By this time my mother and all the family had left Arlington. My brother, Custis, had joined my father in Richmond, the girls had gone to Fauquier county, to visit relatives, and my mother to Ravensworth, about ten miles from Arlington towards Fairfax Court House, where her aunt, Mrs. A. M. Fitzhugh, lived. Always considerate of the happiness and comfort of others, my father feared that his wife’s presence at Ravensworth might possibly bring annoyance to “Cousin Anna,” as he called our aunt, and he wrote to my mother, urging her not to remain there. He sympathized with her in having to leave her home, which she never saw again.
“Richmond, May 25, 1861.
“I have been trying, dearest Mary, ever since the receipt of your letter by Custis, to write to you. I sympathize deeply in your feelings at leaving your dear home. I have experienced them myself, and they are constantly revived. I fear we have not been grateful enough for the happiness there within our reach, and our Heavenly Father has found it necessary to deprive us of what He has given us. I acknowledge my ingratitude, my transgressions, and my unworthiness, and submit with resignation to what he thinks proper to inflict upon me. We must trust all then to him, and I do not think it prudent or right for you to return there, while the United States troops occupy that country. I have gone over all this ground before, and have just written Cousin Anna on the subject.
“While writing, I received a telegram from Cousin John Goldsborough [a cousin of Mrs. Fitzhugh], urging your departure ‘South.’ I suppose he is impressed with the risk of your present position, and in addition to the possibility, or probability, of personal annoyance to yourself, I fear your presence may provoke annoyance in Cousin Anna. But unless Cousin Anna goes with you, I shall be distressed about her being there alone. If the girls went to ‘Kinloch’ or ‘Eastern View,’ you and Cousin Anna might take care of yourselves, because you could get in the carriage and go off in an emergency. But I really am afraid that you may prove more harm than comfort to her. Mr. Wm. C. Rives has just been in to say that if you and Cousin Anna will go to his house, he will be very glad for you to stay as long as you please. That his son has a commodious house just opposite his, unoccupied, partially furnished; that you could, if you prefer, take that, bring up servants and what you desire, and remain there as independent as at home.... I must now leave the matter to you, and pray that God may guard you. I have no time for more. I know and feel the discomfort of your position, but it cannot be helped, and we must bear our trials like Christians.... If you and Cousin Anna choose to come here, you know how happy we shall be to see you. I shall take the field as soon now as I can....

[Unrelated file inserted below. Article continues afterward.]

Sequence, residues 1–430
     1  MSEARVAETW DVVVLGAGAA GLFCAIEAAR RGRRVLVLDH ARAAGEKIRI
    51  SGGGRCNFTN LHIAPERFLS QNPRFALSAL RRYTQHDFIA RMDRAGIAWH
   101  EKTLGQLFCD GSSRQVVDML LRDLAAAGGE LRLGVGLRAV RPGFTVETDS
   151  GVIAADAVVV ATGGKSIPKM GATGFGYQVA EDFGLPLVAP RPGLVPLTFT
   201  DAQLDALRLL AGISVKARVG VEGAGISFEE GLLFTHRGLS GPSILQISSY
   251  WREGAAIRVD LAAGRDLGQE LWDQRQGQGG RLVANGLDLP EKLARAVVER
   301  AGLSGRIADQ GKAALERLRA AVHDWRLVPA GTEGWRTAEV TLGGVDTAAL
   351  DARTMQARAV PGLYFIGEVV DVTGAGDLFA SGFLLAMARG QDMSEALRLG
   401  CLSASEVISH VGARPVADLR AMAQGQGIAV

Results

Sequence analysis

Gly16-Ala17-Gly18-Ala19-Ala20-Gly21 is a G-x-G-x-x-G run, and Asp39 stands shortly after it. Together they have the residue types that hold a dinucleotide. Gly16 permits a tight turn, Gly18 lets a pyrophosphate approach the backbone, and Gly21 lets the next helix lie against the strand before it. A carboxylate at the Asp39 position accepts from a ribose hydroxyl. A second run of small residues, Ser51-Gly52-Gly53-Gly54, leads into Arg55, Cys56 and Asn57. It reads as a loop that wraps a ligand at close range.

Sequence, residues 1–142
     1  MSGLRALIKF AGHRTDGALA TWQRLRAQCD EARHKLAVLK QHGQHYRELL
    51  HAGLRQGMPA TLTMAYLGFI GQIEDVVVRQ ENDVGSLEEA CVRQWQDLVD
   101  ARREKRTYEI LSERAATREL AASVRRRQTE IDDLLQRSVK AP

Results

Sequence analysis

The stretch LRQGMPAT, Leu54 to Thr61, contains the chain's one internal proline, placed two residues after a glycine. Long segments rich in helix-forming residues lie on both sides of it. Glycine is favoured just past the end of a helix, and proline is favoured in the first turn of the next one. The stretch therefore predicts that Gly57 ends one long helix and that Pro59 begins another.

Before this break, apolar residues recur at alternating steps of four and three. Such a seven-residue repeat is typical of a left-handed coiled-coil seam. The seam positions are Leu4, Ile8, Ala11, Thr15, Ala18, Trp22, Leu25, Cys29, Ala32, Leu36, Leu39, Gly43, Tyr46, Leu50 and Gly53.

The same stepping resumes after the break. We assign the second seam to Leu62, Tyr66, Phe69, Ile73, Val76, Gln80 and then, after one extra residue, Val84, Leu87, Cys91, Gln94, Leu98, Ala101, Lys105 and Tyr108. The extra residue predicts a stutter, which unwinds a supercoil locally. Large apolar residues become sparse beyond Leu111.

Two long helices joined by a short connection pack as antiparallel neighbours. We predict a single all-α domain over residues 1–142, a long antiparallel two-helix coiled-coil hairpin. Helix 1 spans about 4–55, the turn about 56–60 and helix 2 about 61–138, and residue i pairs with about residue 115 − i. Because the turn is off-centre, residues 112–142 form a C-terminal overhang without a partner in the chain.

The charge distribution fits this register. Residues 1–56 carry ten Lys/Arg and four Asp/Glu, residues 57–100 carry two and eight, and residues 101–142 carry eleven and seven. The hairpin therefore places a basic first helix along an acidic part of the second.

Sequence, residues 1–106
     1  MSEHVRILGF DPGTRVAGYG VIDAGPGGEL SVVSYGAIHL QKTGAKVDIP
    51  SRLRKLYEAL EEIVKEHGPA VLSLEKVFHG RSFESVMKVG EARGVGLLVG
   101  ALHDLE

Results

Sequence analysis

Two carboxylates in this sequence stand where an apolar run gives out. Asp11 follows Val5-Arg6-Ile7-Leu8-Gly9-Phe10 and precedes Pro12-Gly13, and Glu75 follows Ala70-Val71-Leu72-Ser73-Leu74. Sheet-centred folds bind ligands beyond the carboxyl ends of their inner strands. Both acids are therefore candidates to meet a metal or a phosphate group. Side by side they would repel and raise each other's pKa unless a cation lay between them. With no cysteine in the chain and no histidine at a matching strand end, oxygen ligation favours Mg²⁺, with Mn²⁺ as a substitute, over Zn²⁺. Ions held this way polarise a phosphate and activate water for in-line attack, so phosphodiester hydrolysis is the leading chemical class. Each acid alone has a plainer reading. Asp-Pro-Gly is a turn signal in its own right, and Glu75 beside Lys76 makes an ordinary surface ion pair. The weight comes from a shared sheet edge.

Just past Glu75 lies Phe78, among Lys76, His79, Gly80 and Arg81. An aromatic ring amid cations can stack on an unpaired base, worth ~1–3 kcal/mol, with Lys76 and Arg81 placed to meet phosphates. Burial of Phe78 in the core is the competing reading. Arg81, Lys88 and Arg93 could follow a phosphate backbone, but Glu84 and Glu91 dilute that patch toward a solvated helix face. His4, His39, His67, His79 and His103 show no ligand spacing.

“Ever yours truly and devotedly,
“R. E. Lee”
Three days later he was at Manassas, only a short distance from Ravensworth, and he sent her this short note:
“Manassas, May 28, 1861.
“I reached here, dearest Mary, this afternoon. I am very much occupied in examining matters, and have to go out to look over the ground. Cousin John tempts me strongly to go down, but I never visit for many reasons. If for no other, to prevent compromising the house, for my visit would certainly be known.